This means they all act as a team, Dr. Colin Campbell find this out to be true in his decades of research and wrote about it in his book The China Study he says, you cannot isolate antioxidants and expect it to do the job.

Here is an explanation why antioxidant supplements really do not work, and why you should get all your antioxidants from fresh organic fruits and vegetables and from drinking hydrogen rich water which is the most powerful antioxidant in existence, you cannot eat enough fruits and vegetables per day to match one 12 oz glass of hydrogen rich water.

Be sides it is the fastest and simplest way to get your antioxidants and you are also hydrating your cells at the cellular level daily.

Antioxidants came to public attention in the 1990s, when scientists began to understand that free radical damage was involved in the early stages of artery-clogging atherosclerosis and may contribute to cancer, vision loss, and a host of other chronic conditions. Some studies showed that people with low intakes of antioxidant-rich fruits and vegetables were at greater risk for developing these chronic conditions than were people who ate plenty of these fruits and vegetables. Clinical trials began testing the impact of single substances, especially beta-carotene and vitamin E, as weapons against heart disease, cancer, and the like.

Even before the results of these trials were in, the media, and the supplement and food industries began to hype the benefits of “antioxidants.” Frozen berries, green tea, and other foods labeled as being rich in antioxidants began popping up in stores. Supplement makers touted the disease-fighting properties of all sorts of antioxidants.

The trials were mixed, but most have not found the hoped-for benefits. Most research teams reported that vitamin E and other antioxidant supplements didn’t protect against heart disease or cancer (18) One study even showed that taking beta-carotene may actually increase the chances of developing lung cancer in smokers. On the other hand, some trials reported benefits; for example, after 18 years of follow-up, the Physicians’ Health Study found that taking beta-carotene was associated with a modest reduction in the rate of cognitive decline. (1)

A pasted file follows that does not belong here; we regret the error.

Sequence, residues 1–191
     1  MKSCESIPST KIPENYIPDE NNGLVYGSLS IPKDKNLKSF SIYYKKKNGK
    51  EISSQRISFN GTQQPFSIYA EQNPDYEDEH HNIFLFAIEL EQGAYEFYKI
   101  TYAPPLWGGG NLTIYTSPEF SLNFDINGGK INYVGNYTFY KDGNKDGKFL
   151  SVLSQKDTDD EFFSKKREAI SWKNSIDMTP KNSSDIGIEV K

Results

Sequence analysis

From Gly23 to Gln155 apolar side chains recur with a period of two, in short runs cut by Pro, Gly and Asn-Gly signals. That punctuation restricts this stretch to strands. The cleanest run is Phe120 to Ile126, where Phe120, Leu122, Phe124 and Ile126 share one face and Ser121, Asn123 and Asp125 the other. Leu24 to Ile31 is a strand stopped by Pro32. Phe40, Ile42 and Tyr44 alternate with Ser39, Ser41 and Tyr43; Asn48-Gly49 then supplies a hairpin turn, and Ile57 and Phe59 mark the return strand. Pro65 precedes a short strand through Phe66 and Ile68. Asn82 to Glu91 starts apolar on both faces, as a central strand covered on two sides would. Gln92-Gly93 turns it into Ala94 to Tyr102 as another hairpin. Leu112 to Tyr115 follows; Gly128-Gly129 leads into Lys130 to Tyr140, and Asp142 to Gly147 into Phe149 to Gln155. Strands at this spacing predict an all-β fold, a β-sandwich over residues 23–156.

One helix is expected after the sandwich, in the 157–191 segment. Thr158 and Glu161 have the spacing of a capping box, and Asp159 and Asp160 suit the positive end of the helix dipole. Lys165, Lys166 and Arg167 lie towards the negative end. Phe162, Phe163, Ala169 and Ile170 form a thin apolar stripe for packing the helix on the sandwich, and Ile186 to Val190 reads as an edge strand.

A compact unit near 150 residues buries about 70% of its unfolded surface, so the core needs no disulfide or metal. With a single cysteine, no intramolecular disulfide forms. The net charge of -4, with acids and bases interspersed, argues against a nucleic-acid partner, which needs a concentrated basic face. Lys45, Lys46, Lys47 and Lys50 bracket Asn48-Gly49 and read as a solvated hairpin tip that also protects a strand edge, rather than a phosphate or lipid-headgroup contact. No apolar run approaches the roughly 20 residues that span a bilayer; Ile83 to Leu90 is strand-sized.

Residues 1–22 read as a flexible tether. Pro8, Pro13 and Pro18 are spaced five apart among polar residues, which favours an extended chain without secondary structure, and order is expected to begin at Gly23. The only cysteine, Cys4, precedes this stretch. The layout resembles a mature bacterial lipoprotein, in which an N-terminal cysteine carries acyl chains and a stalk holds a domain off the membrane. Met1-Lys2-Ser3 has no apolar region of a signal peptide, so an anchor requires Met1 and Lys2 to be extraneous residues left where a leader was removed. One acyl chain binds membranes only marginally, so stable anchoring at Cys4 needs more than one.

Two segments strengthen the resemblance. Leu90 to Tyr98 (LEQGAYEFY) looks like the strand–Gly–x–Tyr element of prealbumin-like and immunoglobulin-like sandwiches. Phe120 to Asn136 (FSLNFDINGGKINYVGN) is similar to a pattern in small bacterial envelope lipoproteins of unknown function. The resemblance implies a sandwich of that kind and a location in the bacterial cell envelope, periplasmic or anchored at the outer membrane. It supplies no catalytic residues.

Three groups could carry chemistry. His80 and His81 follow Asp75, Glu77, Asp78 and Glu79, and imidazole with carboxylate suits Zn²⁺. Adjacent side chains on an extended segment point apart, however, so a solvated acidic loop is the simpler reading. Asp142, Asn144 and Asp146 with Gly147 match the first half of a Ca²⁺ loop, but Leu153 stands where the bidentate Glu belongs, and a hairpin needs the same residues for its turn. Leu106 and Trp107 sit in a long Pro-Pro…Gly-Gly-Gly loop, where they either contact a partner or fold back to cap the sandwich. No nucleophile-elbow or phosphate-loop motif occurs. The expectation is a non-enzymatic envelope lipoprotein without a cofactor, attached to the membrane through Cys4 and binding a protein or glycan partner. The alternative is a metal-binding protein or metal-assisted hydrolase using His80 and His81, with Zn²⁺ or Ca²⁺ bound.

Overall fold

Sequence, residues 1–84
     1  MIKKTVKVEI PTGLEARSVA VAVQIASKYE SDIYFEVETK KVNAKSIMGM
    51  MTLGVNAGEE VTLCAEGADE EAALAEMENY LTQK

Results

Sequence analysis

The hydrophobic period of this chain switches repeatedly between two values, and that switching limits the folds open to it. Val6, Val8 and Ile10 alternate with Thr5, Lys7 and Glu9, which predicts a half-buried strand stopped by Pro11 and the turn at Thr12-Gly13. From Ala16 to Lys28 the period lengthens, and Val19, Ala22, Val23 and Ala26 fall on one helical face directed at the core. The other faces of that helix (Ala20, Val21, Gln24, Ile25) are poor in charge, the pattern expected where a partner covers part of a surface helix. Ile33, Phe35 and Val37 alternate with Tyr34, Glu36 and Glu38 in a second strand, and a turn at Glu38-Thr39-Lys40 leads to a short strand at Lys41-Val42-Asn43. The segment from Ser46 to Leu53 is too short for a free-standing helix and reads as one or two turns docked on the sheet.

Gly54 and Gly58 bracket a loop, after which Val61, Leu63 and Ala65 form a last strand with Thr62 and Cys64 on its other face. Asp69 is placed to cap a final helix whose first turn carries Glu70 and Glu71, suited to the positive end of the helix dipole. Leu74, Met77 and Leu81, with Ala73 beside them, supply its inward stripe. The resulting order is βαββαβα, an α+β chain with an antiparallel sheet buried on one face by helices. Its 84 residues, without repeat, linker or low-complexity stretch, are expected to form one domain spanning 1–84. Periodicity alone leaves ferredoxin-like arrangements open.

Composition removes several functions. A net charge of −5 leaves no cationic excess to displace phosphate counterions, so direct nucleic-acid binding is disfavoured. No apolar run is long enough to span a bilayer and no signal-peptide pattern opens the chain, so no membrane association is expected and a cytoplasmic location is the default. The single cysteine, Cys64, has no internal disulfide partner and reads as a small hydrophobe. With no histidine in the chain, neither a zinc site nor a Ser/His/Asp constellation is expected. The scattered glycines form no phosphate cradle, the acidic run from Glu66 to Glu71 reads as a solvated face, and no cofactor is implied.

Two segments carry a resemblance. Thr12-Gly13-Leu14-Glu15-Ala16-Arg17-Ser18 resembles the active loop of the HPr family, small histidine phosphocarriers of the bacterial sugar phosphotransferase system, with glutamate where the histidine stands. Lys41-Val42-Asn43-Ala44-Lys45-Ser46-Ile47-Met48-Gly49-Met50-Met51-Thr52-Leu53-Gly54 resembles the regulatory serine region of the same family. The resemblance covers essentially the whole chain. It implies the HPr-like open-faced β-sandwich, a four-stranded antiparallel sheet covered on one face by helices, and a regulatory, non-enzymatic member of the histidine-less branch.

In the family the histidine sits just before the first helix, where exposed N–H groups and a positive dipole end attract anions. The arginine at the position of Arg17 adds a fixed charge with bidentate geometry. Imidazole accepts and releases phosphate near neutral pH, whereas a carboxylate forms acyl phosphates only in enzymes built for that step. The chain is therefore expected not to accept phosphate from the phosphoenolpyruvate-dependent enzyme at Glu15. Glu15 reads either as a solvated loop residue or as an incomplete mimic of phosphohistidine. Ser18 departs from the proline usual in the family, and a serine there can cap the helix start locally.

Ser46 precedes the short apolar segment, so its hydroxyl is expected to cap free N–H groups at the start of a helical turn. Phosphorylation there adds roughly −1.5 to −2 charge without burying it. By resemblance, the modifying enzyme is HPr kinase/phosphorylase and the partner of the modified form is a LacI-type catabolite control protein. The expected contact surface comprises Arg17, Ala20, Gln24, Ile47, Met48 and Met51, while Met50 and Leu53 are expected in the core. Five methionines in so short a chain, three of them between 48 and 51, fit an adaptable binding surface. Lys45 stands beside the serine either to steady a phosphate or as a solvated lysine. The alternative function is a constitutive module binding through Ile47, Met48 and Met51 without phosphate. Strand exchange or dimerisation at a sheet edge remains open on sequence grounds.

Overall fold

These mostly disappointing results haven’t stopped food companies and supplement sellers from banking on antioxidants. Indeed, antioxidant supplements represent a $500 million dollar industry that continues to grow. Antioxidants are still added to breakfast cereals, sports bars, energy drinks, and other processed foods, and they are promoted as additives that can prevent heart disease, cancer, cataracts, memory loss, and a host of other conditions.

Often the claims have stretched and distorted the data: While it’s true that the package of antioxidants, minerals, fiber, and other substances found naturally in fruits, vegetables, and whole grains helps prevent a variety of chronic diseases, it is unlikely that high doses of antioxidants can accomplish the same feat.

Studies of Antioxidants and Disease Prevention: Little Supportive Evidence Randomized, placebo-controlled trials—which, when performed well, provide the strongest evidence—offer little support that taking vitamin C, vitamin E, beta-carotene, or other single antioxidants provides substantial protection against heart disease, cancer, or other chronic conditions. The results of the largest such trials have been mostly negative.